Eric Scerri and Elena Ghibaudi, eds: What is an element? A collection of essays by chemists, philosophers, historians, and educators : Oxford University Press, 2020, $99.Peter J. Ramberg - 2021 - Foundations of Chemistry 23 (3):465-473.
  36. Life in configuration space.Peter J. Lewis - 2004 - British Journal for the Philosophy of Science 55 (4):713-729.
    This paper investigates the tenability of wavefunction realism, according to which the quantum mechanical wavefunction is not just a convenient predictive tool, but is a real entity figuring in physical explanations of our measurement results. An apparent difficulty with this position is that the wavefunction exists in a many-dimensional configuration space, whereas the world appears to us to be three-dimensional. I consider the arguments that have been given for and against the tenability of wavefunction realism, and note that both the (...)
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  37. Why the pessimistic induction is a fallacy.Peter J. Lewis - 2001 - Synthese 129 (3):371--380.
    Putnam and Laudan separately argue that the falsity of past scientific theories gives us reason to doubt the truth of current theories. Their arguments have been highly influential, and have generated a significant literature over the past couple of decades. Most of this literature attempts to defend scientific realism by attacking the historical evidence on which the premises of the relevant argument are based. However, I argue that both Putnam's and Laudan's arguments are fallacious, and hence attacking their premises is (...)
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  38. Easy knowledge.Peter J. Markie - 2005 - Philosophy and Phenomenological Research 70 (2):406–416.
    Stewart Cohen has recently presented solutions to two forms of what he calls "The Problem of Easy Knowledge" ("Basic Knowledge and the Problem of Easy Knowledge," Philosophy and Phenomenological Research, LXV, 2, September 2002, pp. 309-329). I offer alternative solutions. Like Cohen's, my solutions allow for basic knowledge. Unlike his, they do not require that we distinguish between animal and reflective knowledge, restrict the applicability of closure under known entailments, or deny the ability of basic knowledge to combine with self-knowledge (...)
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  39. The Structure of Defeat: Pollock's Evidentialism, Lackey's Framework, and Prospects for Reliabilism.Peter J. Graham & Jack C. Lyons - 2021 - In Jessica Brown & Mona Simion (eds.), Reasons, Justification, and Defeat. Oxford Oxford: Oxford University Press.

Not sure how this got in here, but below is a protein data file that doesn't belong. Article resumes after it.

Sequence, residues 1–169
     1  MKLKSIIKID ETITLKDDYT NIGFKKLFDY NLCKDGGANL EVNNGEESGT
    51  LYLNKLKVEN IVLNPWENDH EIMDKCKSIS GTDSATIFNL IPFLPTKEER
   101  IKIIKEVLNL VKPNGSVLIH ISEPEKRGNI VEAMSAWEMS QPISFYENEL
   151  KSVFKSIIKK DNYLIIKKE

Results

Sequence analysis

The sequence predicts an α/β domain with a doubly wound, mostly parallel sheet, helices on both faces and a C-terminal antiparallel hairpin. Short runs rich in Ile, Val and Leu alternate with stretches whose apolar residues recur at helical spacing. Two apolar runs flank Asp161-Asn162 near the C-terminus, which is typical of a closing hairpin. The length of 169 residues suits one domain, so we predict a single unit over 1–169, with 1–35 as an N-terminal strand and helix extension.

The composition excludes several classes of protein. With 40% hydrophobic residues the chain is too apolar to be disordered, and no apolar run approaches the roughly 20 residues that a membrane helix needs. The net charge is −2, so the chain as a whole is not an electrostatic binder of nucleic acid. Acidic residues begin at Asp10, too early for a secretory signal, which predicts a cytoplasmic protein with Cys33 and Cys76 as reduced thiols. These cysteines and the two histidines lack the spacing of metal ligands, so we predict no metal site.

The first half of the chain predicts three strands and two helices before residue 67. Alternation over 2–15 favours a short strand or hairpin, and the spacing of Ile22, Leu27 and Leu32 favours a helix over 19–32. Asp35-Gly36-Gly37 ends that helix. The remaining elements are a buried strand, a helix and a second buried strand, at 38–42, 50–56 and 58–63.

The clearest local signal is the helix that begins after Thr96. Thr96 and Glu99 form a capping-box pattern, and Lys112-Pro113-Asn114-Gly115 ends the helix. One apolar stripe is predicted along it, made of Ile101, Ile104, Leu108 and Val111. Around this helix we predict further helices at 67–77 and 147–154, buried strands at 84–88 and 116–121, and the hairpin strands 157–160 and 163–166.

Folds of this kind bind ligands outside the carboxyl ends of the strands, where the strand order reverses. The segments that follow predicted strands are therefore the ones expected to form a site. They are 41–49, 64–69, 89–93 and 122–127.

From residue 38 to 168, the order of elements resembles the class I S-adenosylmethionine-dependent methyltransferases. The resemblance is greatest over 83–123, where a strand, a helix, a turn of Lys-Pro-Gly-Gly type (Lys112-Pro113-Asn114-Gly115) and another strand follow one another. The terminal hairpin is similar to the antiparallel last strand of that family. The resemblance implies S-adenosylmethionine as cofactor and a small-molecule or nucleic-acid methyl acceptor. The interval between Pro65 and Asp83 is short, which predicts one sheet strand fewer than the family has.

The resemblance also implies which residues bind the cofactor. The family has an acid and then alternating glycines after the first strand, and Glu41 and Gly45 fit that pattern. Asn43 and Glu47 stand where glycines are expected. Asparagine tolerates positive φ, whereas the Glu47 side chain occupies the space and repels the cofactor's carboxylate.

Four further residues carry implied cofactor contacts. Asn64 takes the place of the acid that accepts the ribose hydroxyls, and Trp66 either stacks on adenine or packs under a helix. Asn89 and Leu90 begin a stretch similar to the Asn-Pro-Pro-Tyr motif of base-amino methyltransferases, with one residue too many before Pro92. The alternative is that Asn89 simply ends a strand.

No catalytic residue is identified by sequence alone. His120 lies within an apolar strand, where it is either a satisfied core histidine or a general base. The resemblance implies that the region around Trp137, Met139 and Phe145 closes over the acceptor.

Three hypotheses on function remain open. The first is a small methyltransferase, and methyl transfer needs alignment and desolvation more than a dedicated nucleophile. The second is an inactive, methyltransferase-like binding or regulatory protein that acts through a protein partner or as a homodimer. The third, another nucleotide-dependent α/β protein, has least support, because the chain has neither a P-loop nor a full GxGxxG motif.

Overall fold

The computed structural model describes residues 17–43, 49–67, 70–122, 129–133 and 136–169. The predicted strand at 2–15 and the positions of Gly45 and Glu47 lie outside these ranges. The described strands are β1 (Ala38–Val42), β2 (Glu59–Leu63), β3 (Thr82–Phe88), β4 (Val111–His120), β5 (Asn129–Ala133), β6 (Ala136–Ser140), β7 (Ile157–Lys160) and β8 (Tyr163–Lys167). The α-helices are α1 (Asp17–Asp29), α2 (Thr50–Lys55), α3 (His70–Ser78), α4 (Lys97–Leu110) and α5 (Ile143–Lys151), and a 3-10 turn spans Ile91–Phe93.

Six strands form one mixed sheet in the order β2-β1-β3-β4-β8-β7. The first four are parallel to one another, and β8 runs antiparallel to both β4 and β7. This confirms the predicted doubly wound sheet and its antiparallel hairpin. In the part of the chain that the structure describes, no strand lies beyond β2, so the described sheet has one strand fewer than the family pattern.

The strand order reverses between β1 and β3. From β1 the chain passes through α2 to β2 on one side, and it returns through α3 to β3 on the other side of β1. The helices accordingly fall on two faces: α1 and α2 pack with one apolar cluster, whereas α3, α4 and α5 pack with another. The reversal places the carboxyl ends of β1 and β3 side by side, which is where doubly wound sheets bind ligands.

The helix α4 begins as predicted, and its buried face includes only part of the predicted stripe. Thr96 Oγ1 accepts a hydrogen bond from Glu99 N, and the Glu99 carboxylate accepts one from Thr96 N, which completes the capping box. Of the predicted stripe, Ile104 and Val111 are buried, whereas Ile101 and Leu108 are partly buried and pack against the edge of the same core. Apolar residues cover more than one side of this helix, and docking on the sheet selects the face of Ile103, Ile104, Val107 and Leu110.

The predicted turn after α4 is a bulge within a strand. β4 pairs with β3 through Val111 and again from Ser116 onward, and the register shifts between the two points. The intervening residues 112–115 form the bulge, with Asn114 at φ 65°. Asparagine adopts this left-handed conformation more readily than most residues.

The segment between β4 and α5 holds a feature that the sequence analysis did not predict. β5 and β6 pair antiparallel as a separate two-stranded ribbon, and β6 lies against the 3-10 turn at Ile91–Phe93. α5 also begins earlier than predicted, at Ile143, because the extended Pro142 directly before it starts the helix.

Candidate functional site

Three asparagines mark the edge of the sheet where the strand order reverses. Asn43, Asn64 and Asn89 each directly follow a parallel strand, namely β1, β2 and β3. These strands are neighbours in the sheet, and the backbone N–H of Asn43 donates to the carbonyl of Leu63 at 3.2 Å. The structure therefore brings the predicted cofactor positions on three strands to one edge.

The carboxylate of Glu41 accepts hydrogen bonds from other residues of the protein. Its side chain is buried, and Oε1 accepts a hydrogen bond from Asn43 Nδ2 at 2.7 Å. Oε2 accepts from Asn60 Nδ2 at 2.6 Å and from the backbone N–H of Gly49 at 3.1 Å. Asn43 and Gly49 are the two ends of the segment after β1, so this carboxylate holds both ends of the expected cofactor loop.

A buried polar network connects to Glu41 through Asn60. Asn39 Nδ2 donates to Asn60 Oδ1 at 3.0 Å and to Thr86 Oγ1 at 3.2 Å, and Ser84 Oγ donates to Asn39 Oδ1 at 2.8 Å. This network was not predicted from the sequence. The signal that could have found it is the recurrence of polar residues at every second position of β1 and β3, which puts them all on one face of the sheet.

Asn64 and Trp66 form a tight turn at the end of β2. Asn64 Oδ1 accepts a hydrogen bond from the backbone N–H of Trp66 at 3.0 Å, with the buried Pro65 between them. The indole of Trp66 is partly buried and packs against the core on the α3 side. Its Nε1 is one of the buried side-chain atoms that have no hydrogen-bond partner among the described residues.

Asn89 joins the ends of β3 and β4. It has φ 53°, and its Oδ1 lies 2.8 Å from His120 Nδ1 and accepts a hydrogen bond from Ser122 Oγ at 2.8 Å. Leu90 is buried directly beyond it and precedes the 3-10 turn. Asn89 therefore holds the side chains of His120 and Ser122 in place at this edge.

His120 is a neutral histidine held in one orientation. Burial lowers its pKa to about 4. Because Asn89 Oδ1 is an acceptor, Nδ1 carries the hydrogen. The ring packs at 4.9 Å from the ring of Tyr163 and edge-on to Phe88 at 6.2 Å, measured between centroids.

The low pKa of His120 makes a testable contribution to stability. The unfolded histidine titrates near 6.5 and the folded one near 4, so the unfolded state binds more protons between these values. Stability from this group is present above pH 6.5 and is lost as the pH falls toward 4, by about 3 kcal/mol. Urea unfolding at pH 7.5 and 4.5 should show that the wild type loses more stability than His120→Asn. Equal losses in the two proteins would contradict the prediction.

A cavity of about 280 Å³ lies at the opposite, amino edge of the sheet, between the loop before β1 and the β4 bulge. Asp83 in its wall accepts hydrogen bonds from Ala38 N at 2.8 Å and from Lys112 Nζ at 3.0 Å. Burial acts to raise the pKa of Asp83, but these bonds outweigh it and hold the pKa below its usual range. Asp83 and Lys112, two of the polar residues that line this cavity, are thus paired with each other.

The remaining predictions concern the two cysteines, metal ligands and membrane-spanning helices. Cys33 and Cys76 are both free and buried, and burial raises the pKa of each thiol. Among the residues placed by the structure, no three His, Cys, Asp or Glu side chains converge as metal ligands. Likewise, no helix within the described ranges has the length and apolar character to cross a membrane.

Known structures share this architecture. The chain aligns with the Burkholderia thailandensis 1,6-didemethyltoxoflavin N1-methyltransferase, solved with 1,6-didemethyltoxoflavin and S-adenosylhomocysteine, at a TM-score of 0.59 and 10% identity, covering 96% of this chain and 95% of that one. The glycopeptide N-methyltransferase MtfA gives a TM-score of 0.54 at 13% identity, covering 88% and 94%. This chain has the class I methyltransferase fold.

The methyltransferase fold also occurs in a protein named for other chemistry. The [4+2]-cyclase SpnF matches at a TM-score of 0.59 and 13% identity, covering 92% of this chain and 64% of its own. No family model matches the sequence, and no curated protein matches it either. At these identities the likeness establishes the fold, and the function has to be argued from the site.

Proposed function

Epistemic defeat is standardly understood in either evidentialist or responsibilist terms. The seminal treatment of defeat is an evidentialist one, due to John Pollock, who famously distinguishes between undercutting and rebutting defeaters. More recently, an orthogonal distinction due to Jennifer Lackey has become widely endorsed, between so-called doxastic (or psychological) and normative defeaters. We think that neither doxastic nor normative defeaters, as Lackey understands them, exist. Both of Lackey’s categories of defeat derive from implausible assumptions about epistemic responsibility. Although Pollock’s (...)
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  40.  9
    Progress Unchained: Ideas of Evolution, Human History and the Future.Peter J. Bowler - 2023 - Cambridge University Press.
    Progress Unchained reinterprets the history of the idea of progress using parallels between evolutionary biology and changing views of human history. Early concepts of progress in both areas saw it as the ascent of a linear scale of development toward a final goal. The 'chain of being' defined a hierarchy of living things with humans at the head, while social thinkers interpreted history as a development toward a final paradise or utopia. Darwinism reconfigured biological progress as a 'tree of life' (...)
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  41.  68
    Searching for True Dogmatism.Peter J. Markie - 2013 - In Chris Tucker (ed.), Seemings and Justification: New Essays on Dogmatism and Phenomenal Conservatism. New York: Oxford University Press USA. pp. 248.
  42. Consequentialist Foundations for Expected Utility.Peter J. Hammond - 1988 - Theory and Decision 25 (1):25-78.
    Behaviour norms are considered for decision trees which allow both objective probabilities and uncertain states of the world with unknown probabilities. Terminal nodes have consequences in a given domain. Behaviour is required to be consistent in subtrees. Consequentialist behaviour, by definition, reveals a consequence choice function independent of the structure of the decision tree. It implies that behaviour reveals a revealed preference ordering satisfying both the independence axiom and a novel form of sure-thing principle. Continuous consequentialist behaviour must be expected (...)
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  43.  38
    Why The Pessimistic Induction Is A Fallacy.Peter J. Lewis - 2001 - Synthese 129 (3):371-380.